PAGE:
Sunday, April 27, 2014

For Monday: Maus II, Chapters 3-4


Answer TWO of the following as a Comment below:

1. In Chapter Three, "And Here My Troubles Began," Vladek hassles Artie to take home a used box of Special K cereal.  When Artie angrily refuses, Vladek responds, "I cannot forget it...ever since Hitler I don't like to throw out even a crumb."  How much can we blame the Holocaust for the 'present' Vladek we find in these chapters--one who is often boorish, intolerant, and downright racist?  Why do you think Artie so often contradicts the heroic 'past' Vladek with the one in the present?

2. What do you make of the interesting passage in Chapter Three, where a soldier shoots a prisoner for walking too slowly.  As the prisoner flails desperately on the ground, Vladek remarks, "And now I thought: "how amazing it is that a human being reacts the same like this neighbor's dog.""  Considering this breaks down the animal metaphor, why does he highlight this specific connection?  How might this connect to some larger themes in the book about race/humanity?

3. Though surviving the Holocaust was often a matter of sheer luck, how does Chapter Three prove that Vladek's attention to detail and quick wits were instrumental in saving his life?  How do these qualities show that staying alive is more than surviving, it being a critical aware, responsible human being? 

4. Chapters Three and Four also use photographs--a kind of comic book frame--to tell part of the story.  How do these photographs (mostly drawn photographs, but also the real one of Vladek) add a unique layer to the story?  What do they show us that no amount of fictional storytelling could manage?  

Thursday, April 24, 2014

For Friday: Maus II, Chapters 1-2


Answer TWO of the following as a Comment below:

1. Consider pages 41-46 (the beginning of Chapter Two, “Time Flies”): why does Artie feel guilty for having created Maus?  Why is he unable to continue the work (though he is continuing it as he writes it!)?  What issues do these pages deal with that are somewhat beyond the storyline?  

2. No one book can tell the entire story of something as immense as Auschwitz; even the survivors, themselves, can't document every single detail.  How does Spiegelman show the limitations of his book--and of Vladek's own memory--in writing about Auschwitz?  What things remain unknown, confusing, or contradictory?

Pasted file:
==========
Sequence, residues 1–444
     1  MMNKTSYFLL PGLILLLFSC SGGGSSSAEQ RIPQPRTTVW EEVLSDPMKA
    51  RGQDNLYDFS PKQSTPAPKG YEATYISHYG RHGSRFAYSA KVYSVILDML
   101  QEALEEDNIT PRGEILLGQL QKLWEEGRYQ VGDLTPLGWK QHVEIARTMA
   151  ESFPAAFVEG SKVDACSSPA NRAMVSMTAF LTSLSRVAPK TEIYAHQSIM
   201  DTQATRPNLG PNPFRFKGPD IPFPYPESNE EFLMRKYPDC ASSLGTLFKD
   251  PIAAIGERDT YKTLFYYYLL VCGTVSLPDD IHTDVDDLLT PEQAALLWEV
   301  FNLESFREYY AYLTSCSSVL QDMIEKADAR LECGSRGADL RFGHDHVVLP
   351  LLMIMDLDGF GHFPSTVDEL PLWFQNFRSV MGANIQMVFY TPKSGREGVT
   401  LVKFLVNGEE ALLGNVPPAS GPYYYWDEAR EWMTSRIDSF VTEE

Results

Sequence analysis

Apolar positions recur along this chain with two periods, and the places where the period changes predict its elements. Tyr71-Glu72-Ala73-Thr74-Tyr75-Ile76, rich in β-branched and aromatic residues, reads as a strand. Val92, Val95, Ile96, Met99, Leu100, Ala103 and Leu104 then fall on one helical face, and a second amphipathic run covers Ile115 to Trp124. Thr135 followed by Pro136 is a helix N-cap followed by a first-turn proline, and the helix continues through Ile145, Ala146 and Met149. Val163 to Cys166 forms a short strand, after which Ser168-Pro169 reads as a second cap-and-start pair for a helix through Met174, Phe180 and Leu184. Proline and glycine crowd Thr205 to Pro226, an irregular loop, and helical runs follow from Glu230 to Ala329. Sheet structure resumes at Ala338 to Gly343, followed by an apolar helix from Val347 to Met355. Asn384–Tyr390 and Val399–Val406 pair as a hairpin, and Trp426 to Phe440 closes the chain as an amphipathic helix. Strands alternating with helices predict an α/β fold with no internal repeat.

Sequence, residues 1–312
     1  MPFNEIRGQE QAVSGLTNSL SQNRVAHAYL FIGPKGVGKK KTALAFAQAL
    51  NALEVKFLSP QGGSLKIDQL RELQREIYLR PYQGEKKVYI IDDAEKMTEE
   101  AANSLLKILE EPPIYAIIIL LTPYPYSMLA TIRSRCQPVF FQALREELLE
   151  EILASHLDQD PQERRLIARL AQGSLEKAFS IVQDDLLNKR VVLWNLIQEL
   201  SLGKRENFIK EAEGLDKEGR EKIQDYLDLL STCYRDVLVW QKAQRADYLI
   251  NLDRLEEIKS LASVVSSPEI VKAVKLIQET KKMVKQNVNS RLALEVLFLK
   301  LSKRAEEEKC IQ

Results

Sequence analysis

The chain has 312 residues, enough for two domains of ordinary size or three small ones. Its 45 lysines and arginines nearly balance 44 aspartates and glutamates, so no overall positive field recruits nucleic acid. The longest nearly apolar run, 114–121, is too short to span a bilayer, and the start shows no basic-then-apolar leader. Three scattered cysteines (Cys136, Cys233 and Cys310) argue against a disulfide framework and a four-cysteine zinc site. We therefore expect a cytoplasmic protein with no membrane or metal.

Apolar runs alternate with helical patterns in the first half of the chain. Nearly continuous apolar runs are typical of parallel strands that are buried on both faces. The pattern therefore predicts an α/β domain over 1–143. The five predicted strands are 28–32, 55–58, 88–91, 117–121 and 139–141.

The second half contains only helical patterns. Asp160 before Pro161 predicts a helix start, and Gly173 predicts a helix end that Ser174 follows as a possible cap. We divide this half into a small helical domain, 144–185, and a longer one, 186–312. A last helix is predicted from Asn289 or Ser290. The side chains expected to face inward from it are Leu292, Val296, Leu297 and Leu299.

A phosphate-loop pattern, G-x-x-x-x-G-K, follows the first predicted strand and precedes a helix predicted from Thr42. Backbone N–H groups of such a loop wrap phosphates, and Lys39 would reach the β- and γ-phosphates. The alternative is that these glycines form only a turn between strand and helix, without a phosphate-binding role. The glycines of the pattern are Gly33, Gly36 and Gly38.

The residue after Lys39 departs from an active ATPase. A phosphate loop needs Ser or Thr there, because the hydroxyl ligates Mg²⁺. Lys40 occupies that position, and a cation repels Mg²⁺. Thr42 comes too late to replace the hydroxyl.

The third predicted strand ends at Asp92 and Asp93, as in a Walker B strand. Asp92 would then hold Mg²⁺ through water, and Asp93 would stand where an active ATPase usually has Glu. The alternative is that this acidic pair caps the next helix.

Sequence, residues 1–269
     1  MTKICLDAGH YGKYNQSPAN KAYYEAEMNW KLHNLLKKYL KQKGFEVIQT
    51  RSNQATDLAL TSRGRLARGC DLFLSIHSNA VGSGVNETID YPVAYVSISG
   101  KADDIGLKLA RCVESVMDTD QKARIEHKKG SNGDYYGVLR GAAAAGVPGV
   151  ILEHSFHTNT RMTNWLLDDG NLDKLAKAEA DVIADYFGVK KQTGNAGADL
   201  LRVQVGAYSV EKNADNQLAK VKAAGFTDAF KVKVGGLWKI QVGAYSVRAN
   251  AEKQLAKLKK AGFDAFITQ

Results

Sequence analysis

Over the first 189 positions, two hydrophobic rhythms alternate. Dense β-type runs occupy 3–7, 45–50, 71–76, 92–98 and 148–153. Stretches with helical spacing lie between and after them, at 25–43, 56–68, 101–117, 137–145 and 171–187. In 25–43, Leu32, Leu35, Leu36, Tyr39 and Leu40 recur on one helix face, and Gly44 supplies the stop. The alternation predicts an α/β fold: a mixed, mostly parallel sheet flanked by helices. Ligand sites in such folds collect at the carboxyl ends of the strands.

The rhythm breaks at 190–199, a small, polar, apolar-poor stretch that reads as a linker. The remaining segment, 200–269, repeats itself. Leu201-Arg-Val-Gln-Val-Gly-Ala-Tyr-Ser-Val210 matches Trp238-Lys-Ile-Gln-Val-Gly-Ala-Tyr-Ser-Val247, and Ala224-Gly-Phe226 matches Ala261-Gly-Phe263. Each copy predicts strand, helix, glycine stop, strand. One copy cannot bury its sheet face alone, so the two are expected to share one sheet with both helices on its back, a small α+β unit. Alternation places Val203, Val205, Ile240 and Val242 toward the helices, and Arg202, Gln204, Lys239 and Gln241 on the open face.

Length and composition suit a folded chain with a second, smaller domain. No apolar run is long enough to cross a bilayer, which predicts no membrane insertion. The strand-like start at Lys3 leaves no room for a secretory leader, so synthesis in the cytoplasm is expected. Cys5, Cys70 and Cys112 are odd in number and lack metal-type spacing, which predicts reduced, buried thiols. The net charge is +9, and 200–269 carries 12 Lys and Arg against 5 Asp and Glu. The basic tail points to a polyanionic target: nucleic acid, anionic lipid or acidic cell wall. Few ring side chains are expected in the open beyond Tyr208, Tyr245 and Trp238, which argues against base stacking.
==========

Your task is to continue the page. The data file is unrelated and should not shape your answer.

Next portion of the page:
3. How do the characters of Artie and/or Vladek change (or develop) in Maus II?  What new threads does he weave into the fabric of the comic that challenges how we see and understand them?  Cite a specific passage in your response.  

4. Why do you think Spiegelman introduces Francoise into Maus II (though she briefly appears in Maus I)? How does she complement the story or help him discuss ideas/issues that would be impossible without her? In other words, what perspective does she bring to the work?  

Tuesday, April 22, 2014

For Wednesday: Spiegelman's Maus I, Chs. 4-6


Answer TWO of the following as a Comment below:

1. How does Spiegelman play with the Mouse/Cat metaphor in the second part of Maus I?  Where does he lift the mask and expose the metaphor for what it is--a way of looking at the world (and race) rather than reality?

2. Why does Spiegelman include his earlier autobiographical comic Prisoner of the Hell Planet in the narrative?  How does this disrupt the flow of the story as well as the style of the piece?  What important information/insight do we learn about the characters in this piece to justify its inclusion?

3. When discussing the realities of life in the ghetto, Vladek explains, "At that time it wasn't anymore families.  It was everybody to take care for himself!" How else does Vladek document the breakdown of society in the ghetto and elsewhere?  What makes Vladek different from everyone else--or is he?

4. Why does Artie call his father a "murderer" at the end of Chapter Six, "Mouse Holes"?  Is this an incredible foolish and insensitive thing to say of a Holocaust survivor (and one's father)?  Or do we agree with him that, on some level, Vladek has committed his own act of biographical genocide?  Why did Vladek do this?